From our study, it is clear that the new F1 hybrids produced by the cross between carirapa and NCJ hexaploid lineages were able to tolerate the inheritance of different chromosome rearrangements, despite the putative impact of these on meiosis. Initially, we hypothesized that meiosis might be more stable in the F1 compared to the parents, as heterozygosity has been linked to crossover frequency in some species (Valenzuela et al. 2012; Rowan et al. 2019), but we observed the opposite. We observed an increase in rearrangements in the F1 hybrid, which was significant compared to the carirapa parent (Fig. 5). An overall comparison may suggest that the more heterozygous the material, the higher the number of rearrangements that were produced, although further studies are needed to confirm this and to eliminate the confounding effect of the different genotypes. We also found more potential new rearrangements in the B genome of the F1 hybrids, mostly affecting alleles inherited from the NCJ parent.

From our analysis, it was also clear that Brassica NCJ and carirapa allohexaploids can also accumulate and tolerate multiple structural rearrangements over generations (Fig. 3). This occurred even under selective pressure for improved fertility (number of total seeds produced), which hypothetically would be expected to select against aneuploid chromosome complements. This is in contrast to observations of Brassica napus synthetic lines in later generations (S1:11), where fertility is majorly reduced in aneuploid lines compared to euploid lines (Xiong et al. 2011). Chromosome loss similarly affected fertility in a Brassica hexaploid mapping population from carirapa origin, where 30 out of 51 plants were infertile if missing one chromosome (Yang et al. 2018). However, Mason et al. (2014) also found no major effects of chromosome rearrangement on fertility in an NCJ allohexaploid-derived F2 population.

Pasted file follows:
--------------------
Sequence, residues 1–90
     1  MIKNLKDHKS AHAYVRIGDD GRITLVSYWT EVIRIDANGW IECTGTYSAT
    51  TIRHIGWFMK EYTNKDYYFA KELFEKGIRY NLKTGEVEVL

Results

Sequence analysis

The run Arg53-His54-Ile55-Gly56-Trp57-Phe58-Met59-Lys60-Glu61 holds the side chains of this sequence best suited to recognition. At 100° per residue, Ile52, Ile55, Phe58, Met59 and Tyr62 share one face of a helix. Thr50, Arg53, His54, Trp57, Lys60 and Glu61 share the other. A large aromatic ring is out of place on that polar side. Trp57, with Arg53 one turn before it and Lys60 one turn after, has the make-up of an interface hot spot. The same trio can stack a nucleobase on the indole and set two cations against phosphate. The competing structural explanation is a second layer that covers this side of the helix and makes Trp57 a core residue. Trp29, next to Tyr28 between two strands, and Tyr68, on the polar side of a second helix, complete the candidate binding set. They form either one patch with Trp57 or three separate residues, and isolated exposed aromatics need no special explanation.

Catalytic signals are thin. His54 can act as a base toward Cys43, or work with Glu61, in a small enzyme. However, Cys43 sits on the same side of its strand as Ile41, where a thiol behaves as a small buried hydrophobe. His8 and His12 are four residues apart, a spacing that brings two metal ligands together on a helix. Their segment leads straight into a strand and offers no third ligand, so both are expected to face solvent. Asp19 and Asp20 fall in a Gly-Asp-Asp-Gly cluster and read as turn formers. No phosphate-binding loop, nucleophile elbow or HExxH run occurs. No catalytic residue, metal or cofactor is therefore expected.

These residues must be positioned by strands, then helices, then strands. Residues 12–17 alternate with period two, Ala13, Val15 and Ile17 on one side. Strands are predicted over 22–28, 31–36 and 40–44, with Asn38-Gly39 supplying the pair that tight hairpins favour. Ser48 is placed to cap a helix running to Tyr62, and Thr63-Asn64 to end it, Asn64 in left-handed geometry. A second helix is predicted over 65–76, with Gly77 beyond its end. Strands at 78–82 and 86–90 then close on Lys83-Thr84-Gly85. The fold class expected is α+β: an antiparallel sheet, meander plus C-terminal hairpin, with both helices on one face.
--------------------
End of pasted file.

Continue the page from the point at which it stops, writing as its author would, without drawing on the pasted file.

The expected chromosome number from the hybrids analyzed in the present study was AABBCC = 2n = 54, but this was rarely observed (Supplementary Table 1). In the case of the carirapa plants, two of them had 54 chromosomes but were not euploid. The only NCJ plant with a euploid 2n = 54 chromosome complement failed to transmit a copy of chromosome A03 to the resulting F1 hybrid, indicating that meiosis was still unstable in this plant. Our results may suggest that meiosis in these hybrids is still highly unstable but that recurrent selection for fertile, viable plants is also acting to eliminate many of these rearrangements so that plants move from euploid to aneuploid and back again, accumulating minor chromosome rearrangements along the way. Aneuploidy and nonhomologous recombination in polyploids, and particularly synthetic polyploids, are not rare events and may, in some cases, even be beneficial due to the potential for creating novel phenotypic variation (reviewed in Schiessl et al. (2019)).